On my way home from screening “Shelter”, I sat on the New York City subway D train headed uptown, while sipping my extra hot caramel macchiato. As the train started roaring along the track, a homeless man began walking back and forth in the train car, intermittently begging for change and spewing gibberish. The homeless are a constant in this city; most of the time they are invisible, and other times, they feel like a nuisance; a thorn in the sides of the more advantageous residents.
As I’ve passed homeless people on the street, or seen them on train platforms, I’ve often wondered how they’ve gotten there. It’s unthinkable to me to have nowhere to go, and no one to turn to. Many homeless people are mentally ill; others have simply been dealt a horrible hand in life. A New Yorker himself, “Shelter” director Paul Bettany walked passed two particular homeless people – a black man and a white woman who lived just outside of his building – on a near daily basis. He never knew their story, and after Hurricane Sandy ravished the city, he never saw them again.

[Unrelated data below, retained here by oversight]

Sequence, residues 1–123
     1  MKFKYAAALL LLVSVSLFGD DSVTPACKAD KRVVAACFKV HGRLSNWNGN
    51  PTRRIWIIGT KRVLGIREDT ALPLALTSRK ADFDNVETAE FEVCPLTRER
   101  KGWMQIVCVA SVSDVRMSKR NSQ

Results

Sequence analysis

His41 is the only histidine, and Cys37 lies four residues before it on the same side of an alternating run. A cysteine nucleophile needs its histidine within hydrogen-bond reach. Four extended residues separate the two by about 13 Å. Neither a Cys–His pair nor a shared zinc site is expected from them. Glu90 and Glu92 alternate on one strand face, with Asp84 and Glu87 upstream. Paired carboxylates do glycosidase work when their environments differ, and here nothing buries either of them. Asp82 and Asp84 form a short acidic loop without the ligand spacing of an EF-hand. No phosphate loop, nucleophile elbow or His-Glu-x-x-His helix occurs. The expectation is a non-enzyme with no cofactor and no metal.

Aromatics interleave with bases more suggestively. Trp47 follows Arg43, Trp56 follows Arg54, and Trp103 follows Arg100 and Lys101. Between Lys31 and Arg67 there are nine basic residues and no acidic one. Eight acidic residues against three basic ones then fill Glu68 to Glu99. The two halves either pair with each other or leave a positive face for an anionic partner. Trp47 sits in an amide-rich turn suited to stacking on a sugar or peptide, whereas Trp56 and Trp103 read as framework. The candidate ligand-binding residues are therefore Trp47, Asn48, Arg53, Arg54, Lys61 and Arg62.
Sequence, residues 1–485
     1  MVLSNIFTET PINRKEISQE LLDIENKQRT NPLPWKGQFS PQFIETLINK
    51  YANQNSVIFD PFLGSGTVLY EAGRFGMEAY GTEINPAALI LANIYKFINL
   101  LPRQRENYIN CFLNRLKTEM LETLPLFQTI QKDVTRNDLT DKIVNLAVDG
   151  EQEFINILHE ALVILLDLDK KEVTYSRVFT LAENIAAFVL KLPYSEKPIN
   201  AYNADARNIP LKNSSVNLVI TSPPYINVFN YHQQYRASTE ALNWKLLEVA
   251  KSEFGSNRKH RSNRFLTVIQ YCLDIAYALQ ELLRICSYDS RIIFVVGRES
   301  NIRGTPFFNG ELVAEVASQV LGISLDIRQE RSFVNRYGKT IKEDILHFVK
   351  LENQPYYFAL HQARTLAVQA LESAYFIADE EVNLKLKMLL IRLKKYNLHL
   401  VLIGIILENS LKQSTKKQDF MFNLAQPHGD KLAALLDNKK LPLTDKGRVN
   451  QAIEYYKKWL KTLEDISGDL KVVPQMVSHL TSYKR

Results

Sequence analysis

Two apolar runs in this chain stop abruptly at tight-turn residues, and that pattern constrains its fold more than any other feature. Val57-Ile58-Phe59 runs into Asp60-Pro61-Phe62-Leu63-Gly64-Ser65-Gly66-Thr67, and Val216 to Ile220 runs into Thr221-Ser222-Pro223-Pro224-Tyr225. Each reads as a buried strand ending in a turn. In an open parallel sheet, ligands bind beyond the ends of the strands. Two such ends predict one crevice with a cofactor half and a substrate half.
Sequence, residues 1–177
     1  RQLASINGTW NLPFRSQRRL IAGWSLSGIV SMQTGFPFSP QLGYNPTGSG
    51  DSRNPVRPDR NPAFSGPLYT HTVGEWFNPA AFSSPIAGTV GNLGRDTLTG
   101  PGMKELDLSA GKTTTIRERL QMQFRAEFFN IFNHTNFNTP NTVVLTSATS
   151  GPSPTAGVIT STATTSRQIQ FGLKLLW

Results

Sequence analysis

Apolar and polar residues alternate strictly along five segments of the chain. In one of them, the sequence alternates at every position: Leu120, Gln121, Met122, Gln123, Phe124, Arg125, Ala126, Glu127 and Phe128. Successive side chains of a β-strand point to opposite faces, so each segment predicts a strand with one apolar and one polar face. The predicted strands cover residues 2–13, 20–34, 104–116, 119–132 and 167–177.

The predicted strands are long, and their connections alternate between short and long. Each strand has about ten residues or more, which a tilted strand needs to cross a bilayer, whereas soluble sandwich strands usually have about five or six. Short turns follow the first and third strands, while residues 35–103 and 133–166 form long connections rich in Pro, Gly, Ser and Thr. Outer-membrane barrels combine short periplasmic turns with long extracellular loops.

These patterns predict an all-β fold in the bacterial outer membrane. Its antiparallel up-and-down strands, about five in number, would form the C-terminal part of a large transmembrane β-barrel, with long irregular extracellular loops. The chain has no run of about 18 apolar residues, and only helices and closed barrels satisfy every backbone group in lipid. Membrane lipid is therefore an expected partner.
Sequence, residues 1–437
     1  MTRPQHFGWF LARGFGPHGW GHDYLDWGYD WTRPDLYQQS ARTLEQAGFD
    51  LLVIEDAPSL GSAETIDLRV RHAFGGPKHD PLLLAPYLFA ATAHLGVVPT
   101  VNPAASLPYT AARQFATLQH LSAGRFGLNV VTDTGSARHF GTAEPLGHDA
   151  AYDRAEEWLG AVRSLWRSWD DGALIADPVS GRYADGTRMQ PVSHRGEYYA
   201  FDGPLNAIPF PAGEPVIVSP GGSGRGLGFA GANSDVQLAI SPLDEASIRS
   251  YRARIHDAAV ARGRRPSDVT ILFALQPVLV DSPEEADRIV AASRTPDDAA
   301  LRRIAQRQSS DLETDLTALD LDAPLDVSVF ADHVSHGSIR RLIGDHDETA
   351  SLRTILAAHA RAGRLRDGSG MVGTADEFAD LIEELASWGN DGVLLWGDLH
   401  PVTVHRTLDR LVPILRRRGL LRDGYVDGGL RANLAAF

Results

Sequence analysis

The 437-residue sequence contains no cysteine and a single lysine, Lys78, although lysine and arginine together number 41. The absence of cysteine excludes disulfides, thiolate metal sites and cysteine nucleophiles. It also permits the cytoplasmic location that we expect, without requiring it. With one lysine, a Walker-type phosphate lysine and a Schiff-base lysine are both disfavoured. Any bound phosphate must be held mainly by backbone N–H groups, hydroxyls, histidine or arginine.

Idealistic perhaps, or maybe feeling the guilt that many of us feel as we turn away from the homeless in discomfort, Bettany, primarily an actor, created a story for this couple in “Shelter,” his directorial debut.
Undocumented immigrant, Tahir, played by Anthony Mackie, and drug-addicted Hannah (Jennifer Connolly) are very different people, both thrown on the streets due to life’s circumstances. Their initial meeting is painful and tumultuous. And yet, they push through, building a tentative friendship which blossoms into something much more powerful. As expected, Mackie and Connolly give powerful performances. (Though Mackie’s Nigerian accent leaves a little to be desired.) However, the story itself doesn’t allow the audience to really feel the pain and shame of homelessness in any real way.
Continue reading at Shadow and Act.
Image: Shelter Poster/ Screen Media Films